information about Jews. In the evening, walked to Aceldama, - a
dreadful spot. Zion is ploughed like a field. I gathered some
barley, and noticed cauliflowers planted in rows. See Micah 3:12.
Jerusalem is indeed heaps. The quantities of rubbish would amaze
you, - in one place higher than the walls. 13. - We went to Hebron,
twenty miles south; Mr. Nicolayson, his son, the Consul and
ladies accompanying us, all on mules and horses, Judah's cities
are all waste. Except Bethlehem, we saw none but ruins till we
reached Hebron. The vines are beautifully cultivated here, and
make it a paradise; The hills all terraced to the top. We spent a
delightful evening and all next day. We met the Jews, and had an
interesting interview with them. We read Genesis 18, and many
other Bible passages, with great joy. Saw the mosque where the
tomb of Abraham and Sarah is. 14. - Returned by Bethlehem to
Jerusalem. Bethlehem is a sweet village, placed on the top of a
rocky hill, - very white and dazzling. You see it on both sides of
the hill. At Rachel's sepulchre you see Jerusalem on one hand and
Bethlehem on the other, - an interesting sight, - six miles apart.
On Sabbath we enjoyed the Lord's Supper in an upper chamber in
Jerusalem. It was a time much to be remembered. Andrew preached
in the evening from John 14:2, 3. 17. - The plague has been
increasing so that we think it better to depart. Last visit to
Gethsemane, and Bethany, and Siloam. Evening. - Took farewell of
all our friends at Jerusalem, with much sorrow you may believe.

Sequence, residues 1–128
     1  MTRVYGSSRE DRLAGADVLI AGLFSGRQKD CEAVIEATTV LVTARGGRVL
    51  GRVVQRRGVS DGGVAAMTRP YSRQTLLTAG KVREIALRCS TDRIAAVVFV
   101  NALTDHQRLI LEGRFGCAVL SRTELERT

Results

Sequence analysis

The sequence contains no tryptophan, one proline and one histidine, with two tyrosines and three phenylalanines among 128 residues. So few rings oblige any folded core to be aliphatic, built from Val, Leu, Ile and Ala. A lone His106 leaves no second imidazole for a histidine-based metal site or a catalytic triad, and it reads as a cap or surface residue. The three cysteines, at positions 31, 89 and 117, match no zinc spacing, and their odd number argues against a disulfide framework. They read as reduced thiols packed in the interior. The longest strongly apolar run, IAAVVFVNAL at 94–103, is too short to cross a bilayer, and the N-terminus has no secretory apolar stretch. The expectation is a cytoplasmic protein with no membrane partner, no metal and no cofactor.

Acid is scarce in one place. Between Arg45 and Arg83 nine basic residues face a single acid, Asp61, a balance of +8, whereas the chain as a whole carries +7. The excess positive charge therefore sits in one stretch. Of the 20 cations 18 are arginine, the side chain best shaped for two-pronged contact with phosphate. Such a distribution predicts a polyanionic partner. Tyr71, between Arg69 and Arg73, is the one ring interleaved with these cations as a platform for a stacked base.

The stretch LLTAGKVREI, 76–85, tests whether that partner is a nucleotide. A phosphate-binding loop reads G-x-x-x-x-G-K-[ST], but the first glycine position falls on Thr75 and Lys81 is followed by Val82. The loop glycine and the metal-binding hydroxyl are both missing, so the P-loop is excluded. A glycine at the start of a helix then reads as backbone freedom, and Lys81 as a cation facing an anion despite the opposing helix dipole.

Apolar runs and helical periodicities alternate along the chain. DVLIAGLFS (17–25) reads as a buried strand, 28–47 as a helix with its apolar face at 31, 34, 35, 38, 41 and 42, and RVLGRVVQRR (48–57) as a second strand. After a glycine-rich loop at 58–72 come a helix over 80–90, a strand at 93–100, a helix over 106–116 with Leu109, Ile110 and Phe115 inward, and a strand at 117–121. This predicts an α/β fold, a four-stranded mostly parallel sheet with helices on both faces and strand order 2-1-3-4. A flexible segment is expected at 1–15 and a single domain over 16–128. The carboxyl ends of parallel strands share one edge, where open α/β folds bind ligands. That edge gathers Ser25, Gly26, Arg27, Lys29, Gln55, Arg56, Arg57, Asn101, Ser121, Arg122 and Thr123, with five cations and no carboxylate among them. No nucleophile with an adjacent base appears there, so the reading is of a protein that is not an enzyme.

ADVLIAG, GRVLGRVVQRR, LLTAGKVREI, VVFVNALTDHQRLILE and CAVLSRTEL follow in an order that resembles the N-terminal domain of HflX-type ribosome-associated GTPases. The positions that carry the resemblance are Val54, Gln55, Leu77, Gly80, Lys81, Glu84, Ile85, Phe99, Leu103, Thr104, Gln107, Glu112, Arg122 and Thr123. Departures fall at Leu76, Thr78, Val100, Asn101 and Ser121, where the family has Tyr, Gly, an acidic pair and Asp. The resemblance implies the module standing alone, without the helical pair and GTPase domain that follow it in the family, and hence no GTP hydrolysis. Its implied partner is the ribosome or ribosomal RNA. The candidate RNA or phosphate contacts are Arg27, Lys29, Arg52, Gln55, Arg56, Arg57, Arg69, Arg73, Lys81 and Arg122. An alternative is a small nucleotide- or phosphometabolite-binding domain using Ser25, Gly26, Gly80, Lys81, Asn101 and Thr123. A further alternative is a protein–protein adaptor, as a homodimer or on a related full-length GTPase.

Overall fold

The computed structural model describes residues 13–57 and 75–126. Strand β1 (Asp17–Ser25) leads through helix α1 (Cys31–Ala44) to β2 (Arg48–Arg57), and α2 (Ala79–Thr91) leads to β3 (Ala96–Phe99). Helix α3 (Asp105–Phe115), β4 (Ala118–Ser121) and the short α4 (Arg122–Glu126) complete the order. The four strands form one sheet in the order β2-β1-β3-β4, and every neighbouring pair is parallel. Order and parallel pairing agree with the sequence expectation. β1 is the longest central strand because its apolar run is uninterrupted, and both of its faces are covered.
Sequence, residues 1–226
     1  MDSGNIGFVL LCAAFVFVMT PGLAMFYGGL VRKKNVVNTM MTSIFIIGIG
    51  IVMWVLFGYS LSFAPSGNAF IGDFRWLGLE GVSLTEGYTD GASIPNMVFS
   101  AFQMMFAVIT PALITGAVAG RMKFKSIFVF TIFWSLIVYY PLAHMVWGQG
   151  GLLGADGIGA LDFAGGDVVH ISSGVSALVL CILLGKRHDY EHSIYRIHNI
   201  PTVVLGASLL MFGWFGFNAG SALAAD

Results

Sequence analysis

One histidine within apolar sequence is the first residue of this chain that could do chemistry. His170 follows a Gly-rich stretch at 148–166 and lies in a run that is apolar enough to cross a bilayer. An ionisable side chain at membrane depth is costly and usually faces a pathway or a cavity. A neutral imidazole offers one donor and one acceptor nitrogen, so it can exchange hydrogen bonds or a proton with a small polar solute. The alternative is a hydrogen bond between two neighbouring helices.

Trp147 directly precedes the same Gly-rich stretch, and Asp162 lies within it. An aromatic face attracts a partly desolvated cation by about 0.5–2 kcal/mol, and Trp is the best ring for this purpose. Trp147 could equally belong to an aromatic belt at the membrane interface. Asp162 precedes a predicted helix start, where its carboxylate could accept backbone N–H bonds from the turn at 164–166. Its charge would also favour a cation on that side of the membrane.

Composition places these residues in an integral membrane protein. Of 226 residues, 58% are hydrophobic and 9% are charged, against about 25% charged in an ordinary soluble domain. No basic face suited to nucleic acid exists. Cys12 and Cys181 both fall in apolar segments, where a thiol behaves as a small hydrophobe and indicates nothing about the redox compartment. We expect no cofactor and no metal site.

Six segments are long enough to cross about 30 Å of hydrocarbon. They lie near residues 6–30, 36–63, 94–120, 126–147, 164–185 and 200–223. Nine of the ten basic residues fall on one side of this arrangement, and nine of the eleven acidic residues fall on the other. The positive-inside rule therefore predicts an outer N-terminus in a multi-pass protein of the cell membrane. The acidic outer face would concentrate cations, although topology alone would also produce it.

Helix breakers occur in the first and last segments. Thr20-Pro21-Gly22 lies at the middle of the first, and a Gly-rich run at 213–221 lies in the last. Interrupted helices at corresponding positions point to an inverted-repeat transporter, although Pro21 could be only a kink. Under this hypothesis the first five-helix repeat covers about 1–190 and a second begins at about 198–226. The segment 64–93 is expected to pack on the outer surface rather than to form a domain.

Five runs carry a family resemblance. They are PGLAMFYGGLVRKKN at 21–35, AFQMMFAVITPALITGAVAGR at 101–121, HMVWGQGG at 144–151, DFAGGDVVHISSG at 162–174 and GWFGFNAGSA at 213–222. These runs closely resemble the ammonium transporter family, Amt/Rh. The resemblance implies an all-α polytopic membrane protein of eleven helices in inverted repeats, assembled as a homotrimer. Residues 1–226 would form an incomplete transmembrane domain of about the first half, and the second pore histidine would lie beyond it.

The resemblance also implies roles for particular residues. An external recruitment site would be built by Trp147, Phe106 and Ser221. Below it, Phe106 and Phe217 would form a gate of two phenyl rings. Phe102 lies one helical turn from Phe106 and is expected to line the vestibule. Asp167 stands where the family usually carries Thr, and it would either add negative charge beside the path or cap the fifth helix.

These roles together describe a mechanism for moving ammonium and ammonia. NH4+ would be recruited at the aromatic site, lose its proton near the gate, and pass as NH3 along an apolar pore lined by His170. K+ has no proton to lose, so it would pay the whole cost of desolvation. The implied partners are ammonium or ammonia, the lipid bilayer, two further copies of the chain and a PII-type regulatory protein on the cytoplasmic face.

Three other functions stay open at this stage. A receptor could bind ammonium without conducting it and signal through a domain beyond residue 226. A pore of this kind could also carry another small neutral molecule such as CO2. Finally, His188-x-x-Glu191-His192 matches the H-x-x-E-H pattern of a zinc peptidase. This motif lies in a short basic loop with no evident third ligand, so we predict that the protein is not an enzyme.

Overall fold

Went due north to Ramah, by Gibeon, and slept at Beer, again in
our tent, in Benjamin. 19. - Passed Bethel, where Jacob slept.
Passed through the rich and rocky defile of Ephraim, by Lebonah,
to Sychar. You cannot believe what a delightsome land it is. We
sought anxiously for the well where Jesus sat. Andrew alone found
it, and lost his Bible in it. 20. - Had a most interesting morning
with the Jews of Sychar. Saw many of them; also the Samaritans in
their synagogue. Same evening visited Samaria, - a wonderful
place, - and encamped at Sanor. 21. - Arrived at Carmel, where we
now are, encamped within two yards of the sea. We have been in
quarantine here seven days, as there is no plague north of this.
Several English are encamped here - Lord R., Lord H., etc. We have
daily conversations sitting on the sand. We are not allowed to
touch even the rope of a tent. Acre is in sight across the bay.
We have delightful bathing. To-morrow Lord H. leaves, and kindly
offers to take this. Carmel's rocky brow is over us. We are all
well and happy. On Monday we propose leaving for Tiberias and
Saphet. Soon we shall be in Beyrout, and on our way to Smyrna. Do
not be anxious for me. Trust us to God, who goes with us where we
go. I only pray that our mission may be blessed to Israel. Sir
Moses M. has arrived, and pitched his tent within fifty yards of
us. Kindest regards to all that inquire after me, not forgetting
dear W. - Your affectionate son," etc.

When the two elder brethren of the deputation left us for Europe, we